The Economics of the Ethereum platform is very tightly coupled with NFTs, and that coupling has a lot of implications for participants in the NFT space, whether you are an artist, a collector, a speculator, or even just a casual looking to hop in.
Pricing NFTs in USD
Ethereum is a slowly inflating currency (soon to be mildly deflationary), whereas USD is an inflationary currency. As a NFT consumer, inflation motivates you to spend, while deflation motivates you to save. However, as a creator, inflation can work against you if you. For example, if you price a piece at $1000 instead of .5ETH, and the value of USD decreases by 10% due to inflation, then the same $1000 would only be able to purchase .45ETH. Inflation acts as if its a force raising the buyers up to your asking price, to use a metaphor. In theory, pricing in USD will make your pieces sell faster.
Pricing NFTs in ETH
So what happens if you do the opposite, and chose to price your piece in ETH? For this thought experiment, lets assume that ETH has moved into its mild deflationary phase (see this article for more info). When you set a price with ETH, you run the risk of the currency becoming more valuable and pricing people out of the market. Suppose you set a price of .5 ETH. On April 2nd, 2021, that translates into a USD amount of $2000. The piece sits on the market a bit, maybe because its a niche piece or maybe its just that you are still trying to find your client base. You check analytics on it on May 2nd, 2021, only a month later, and not only has it not sold, but the piece is showing up in fewer and fewer searches. .5 ETH now translates into a USD amount of $3000. Where you were hoping to attract an affluent but still moderate income buyer at approximately $2000 (think $1999), you are now asking for 50% more, multiple thousands of dollars. To continue the analogy above, the deflationary effect of pricing with ETH acts like a force pushing the piece up out of reach of the buyers, which is exactly what you don’t want to happen.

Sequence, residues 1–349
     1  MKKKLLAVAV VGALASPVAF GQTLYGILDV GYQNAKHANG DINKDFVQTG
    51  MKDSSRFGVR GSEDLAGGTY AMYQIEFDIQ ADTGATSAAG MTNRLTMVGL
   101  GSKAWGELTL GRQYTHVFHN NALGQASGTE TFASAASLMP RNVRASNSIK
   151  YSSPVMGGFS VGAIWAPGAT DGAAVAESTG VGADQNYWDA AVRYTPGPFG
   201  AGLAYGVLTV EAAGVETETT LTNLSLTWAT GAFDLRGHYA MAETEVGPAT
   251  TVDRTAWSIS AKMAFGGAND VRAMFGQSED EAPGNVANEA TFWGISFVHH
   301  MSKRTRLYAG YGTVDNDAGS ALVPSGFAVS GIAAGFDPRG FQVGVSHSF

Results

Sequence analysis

What are my options?
If you’ve made it this far, you can see that we clearly have reached a conundrum. We are currently in an inflationary environment, and most likely will remain there for the next several years. So, in a perfect world you would want to price in USD (to help buyers make the sale) but you want to receive ETH in payment. And you would want the sale to happen as quickly as possible, in order to avoid the depreciation of value of your artwork. So what can we do?
- Price in USD, but pad your number a bit, as you should expect it to take some time to find a buyer and want to insure that you are properly compensated for the sale. OR
- Price in ETH, but get aggressive with the price. You don’t want to risk the increase in ETH/USD ratio to cause your piece to move out of reach of your buyers. Additionally, as you are compensated in ETH here, the future value increase of ETH should partially compensate for the upfront reduction in earnings.
While both approaches are valid, our recommendation is to use approach #2. Be sure to be very aggressive with your ETH pricing, while being cognizant of the expensive gas pricing. Remember that .5 ETH collected today at $3000 ETH:USD ratio could easily balloon to $5000 or $10000 USD in the space of a year. Ideally, you are in a position where you have some savings and can afford to hold off on converting the ETH. But in any case, be sure to follow one of the approaches above. Good Luck!